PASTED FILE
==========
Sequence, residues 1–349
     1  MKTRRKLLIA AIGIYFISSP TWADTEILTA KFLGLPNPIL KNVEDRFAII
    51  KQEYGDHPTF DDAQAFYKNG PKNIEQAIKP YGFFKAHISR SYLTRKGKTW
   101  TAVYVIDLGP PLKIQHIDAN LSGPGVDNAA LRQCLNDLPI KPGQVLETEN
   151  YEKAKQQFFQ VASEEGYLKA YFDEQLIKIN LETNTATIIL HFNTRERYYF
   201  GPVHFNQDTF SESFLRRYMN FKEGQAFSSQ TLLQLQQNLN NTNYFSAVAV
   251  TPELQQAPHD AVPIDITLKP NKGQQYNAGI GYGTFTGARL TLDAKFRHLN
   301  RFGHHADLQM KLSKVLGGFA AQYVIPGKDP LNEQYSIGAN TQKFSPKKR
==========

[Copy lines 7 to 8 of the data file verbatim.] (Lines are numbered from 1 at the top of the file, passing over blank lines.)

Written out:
   251  TPELQQAPHD AVPIDITLKP NKGQQYNAGI GYGTFTGARL TLDAKFRHLN
   301  RFGHHADLQM KLSKVLGGFA AQYVIPGKDP LNEQYSIGAN TQKFSPKKR